The wedge between production and final sales is unanticipated inventory accumulation--things that are made that firms cannot sell. The NIPA conventions is that a recession is a fall in production, not a fall in demand. But this is an arbitrary choice of convention:
About that GDP report: I’ve had time to look at it a bit more closely — and it’s much weaker than the headline number suggests (and MUCH weaker than the previous quarter, even though the growth rate was the same.) It’s not just that final sales fell, so that the economy grew only because of inventory accumulation. If you look at consumer spending, purchases of goods actually fell substantially. Only service purchases rose — and much of that was housing and medical care. As Michael Mandel at Business Week has pointed out, those aren’t “really” consumer decisions: housing “consumption” is largely imputed rents on owner-occupied homes, and medical care is mostly paid for by insurance.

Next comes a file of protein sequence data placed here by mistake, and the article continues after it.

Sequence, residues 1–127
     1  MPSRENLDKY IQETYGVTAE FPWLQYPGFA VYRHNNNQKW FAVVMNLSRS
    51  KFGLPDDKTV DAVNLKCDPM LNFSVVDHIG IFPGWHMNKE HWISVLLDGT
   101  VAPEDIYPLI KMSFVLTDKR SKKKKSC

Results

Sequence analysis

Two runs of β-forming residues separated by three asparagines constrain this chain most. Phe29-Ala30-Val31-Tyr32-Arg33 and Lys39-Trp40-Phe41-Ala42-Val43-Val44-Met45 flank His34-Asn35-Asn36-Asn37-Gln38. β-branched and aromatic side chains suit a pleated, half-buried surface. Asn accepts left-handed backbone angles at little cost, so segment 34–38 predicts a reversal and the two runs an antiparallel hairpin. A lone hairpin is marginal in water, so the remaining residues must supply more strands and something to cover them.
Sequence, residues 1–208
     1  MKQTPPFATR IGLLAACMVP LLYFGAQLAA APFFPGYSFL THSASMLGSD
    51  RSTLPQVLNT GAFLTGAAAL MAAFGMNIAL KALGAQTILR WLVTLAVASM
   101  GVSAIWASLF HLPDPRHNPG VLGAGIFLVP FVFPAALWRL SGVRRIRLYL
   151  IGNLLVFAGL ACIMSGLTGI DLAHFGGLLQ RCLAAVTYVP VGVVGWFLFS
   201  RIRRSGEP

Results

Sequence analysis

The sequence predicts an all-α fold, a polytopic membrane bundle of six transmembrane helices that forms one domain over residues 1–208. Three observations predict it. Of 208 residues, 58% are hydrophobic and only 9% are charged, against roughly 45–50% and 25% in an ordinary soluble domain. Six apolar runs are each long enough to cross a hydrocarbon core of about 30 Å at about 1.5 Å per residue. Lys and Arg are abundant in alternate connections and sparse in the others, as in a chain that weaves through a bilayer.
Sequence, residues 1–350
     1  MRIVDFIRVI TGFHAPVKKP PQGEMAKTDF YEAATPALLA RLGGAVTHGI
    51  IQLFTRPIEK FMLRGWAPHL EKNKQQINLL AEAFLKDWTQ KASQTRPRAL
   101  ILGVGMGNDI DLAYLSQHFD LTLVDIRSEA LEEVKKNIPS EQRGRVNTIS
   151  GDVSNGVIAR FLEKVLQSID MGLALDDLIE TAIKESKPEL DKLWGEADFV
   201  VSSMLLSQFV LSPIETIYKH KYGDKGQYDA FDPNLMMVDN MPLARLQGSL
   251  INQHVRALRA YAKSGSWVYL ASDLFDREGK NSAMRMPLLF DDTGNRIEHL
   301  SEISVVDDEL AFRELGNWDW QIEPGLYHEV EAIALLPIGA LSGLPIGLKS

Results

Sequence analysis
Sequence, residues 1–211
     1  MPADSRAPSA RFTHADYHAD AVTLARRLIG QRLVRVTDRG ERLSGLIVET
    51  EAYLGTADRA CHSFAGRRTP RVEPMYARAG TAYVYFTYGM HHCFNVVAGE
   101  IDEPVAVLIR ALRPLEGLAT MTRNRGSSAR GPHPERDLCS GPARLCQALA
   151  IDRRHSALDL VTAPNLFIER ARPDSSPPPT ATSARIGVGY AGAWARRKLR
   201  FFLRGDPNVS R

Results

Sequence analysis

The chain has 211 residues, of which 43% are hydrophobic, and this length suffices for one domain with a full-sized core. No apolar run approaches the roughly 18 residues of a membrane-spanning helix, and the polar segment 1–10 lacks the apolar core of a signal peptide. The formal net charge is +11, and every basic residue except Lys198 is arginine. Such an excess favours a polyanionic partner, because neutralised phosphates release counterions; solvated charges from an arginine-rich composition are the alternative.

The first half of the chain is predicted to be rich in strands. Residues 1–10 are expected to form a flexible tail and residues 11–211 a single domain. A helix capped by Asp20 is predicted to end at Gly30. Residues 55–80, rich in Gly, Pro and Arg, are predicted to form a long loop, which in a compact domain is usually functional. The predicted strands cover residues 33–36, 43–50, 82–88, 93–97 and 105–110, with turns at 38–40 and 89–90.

So this really does look like an economy at stall speed, not an economy skirting past the edge of recession (whatever recession means).